There Are Slow Burns, And There Is ‘The Rings Of Power’

The Rings of Power is more than halfway through its first season now, and has been the subject of debate among fans for various reasons. Thankfully, we seem to be mostly moved past the “black dwarves?? Women warrior elves??” initial controversies that held absolutely no weight. But what’s left is now to discuss the actual meat of the show, or the lack thereof.

I recently caused a good amount of people to start yelling at me when I tweeted that I felt that The Rings of Power felt like a “non-event” each week. What I meant by that is that is each week yes, I’ll watch it, at some point, but it’s not exactly something I’m counting down the days to, nor does it seem to be the hot thing that everyone is discussing on the internet or in person the next day.

It’s true that not every show needs to be an event, but it’s extremely clear that Amazon was trying to make this their own Game of Thrones with that level of cultural impact, and I’m just not sure it’s accomplishing that goal. It does not help that there is now essentially a second Game of Thrones airing each week at the same time, House of the Dragon, which I would argue does a better job of being “event” viewing.

One pushback I get is that I’m just not appreciating the “slow burn” of The Rings of Power, but there are slow burns, and there is whatever is going on here, and yes, I do believe there is such a thing as “too slow.”

A theory as to why this is happening is that the creators of the series (first-time showrunners, it should be noted) were clearly given a blank check by Amazon where they knew there was going to be investment for something like four or five seasons in total. I think that may have translated into a lack of urgency in the early period here, which seems like not just a little bit of set-up, but an entire season’s worth of it. We know where this is going, the forging of the Rings of Power and a face-off against Sauron, but we’re going to have to wait 40 hours for the entire saga to unfold, and I think viewing the series as one giant arc like that is creating some pacing problems at the outset here.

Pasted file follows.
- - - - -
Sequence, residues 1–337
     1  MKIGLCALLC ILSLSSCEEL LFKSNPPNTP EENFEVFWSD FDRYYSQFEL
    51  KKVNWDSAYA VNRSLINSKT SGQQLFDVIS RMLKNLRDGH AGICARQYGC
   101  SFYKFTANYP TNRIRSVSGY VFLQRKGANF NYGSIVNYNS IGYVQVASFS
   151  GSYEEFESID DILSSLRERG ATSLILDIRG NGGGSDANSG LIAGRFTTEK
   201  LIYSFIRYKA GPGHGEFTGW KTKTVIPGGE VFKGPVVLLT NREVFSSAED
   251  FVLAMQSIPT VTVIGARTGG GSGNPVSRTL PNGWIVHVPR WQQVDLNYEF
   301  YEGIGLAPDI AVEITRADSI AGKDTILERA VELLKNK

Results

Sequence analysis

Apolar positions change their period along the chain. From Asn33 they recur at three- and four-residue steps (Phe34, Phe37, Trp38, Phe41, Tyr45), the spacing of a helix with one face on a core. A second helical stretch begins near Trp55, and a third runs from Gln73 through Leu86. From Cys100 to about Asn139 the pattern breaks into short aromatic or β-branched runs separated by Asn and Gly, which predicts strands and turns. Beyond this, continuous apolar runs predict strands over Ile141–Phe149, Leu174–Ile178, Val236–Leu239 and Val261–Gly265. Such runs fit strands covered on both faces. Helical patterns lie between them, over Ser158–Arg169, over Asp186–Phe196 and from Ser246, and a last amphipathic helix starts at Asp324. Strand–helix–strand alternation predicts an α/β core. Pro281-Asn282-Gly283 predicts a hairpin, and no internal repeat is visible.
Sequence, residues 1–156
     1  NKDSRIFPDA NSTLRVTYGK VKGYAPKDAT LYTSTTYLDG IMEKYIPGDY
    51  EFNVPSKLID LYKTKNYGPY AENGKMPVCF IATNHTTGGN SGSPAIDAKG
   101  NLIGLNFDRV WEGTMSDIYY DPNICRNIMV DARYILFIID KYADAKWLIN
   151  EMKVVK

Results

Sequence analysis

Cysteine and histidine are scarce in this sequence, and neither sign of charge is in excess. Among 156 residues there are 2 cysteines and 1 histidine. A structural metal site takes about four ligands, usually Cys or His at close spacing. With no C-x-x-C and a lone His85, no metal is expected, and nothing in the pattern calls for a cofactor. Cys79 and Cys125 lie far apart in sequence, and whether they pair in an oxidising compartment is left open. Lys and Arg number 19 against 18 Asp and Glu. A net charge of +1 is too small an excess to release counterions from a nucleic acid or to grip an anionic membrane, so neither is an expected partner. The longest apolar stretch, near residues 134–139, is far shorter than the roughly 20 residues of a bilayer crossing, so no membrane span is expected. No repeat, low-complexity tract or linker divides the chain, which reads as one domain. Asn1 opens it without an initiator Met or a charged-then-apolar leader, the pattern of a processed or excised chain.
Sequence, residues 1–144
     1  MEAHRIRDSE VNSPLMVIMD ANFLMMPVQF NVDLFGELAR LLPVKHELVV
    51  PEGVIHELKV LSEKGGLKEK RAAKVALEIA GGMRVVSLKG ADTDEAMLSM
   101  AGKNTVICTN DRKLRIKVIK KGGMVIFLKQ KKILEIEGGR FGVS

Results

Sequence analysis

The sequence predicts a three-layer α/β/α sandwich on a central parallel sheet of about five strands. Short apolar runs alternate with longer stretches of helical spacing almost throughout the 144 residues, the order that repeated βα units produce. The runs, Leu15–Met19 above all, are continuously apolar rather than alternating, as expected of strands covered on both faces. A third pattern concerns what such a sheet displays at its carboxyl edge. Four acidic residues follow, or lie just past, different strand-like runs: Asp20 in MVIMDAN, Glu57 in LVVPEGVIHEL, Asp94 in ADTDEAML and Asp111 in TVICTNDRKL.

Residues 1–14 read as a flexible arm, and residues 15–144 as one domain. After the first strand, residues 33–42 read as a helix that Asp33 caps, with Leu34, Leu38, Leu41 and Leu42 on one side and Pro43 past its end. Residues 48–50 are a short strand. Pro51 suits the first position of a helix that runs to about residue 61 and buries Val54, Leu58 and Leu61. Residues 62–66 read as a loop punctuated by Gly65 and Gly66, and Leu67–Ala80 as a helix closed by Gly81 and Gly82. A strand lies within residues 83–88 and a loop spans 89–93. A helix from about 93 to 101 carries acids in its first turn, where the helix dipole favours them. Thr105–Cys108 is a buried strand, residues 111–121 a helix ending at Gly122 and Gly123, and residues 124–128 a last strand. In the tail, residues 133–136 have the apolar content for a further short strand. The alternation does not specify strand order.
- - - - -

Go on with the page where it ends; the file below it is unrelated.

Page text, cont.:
Since we have no real choice but to compare it to its current rival, House of the Dragon, I’d argue that series understands what it takes to be a TV show that is technically both a slow burn, we can see long-simmering conflicts about who will take the throne and a rivalry between former best friends, but also a show that knows how to make gripping episodes week-to-week. There are many positive adjectives I’d use to describe Rings of Power, gorgeous, detailed, well-cast, but “gripping” is not one of them right now. Last week, for instance, we saw close to zero movement across almost all the major storylines, and that’s not the first time that’s happened.

This is not to say Rings of Power can’t improve over time. I’m reminded of one of my favorite series, The Expanse, which struggled with early adaptation issues and pacing in season 1, but blossomed into becoming an all-time great sci-fi series in later seasons. But The Rings of Power seems almost cursed by its sprawling, greenlit 40 hour arc, four times the length of the entire original LOTR trilogy, which I also imagine would not have been nearly as good if it was bloated and stretched that much. Something is missing here, and I hope future seasons can find it.

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Pick up my sci-fi novels the Herokiller series and The Earthborn Trilogy.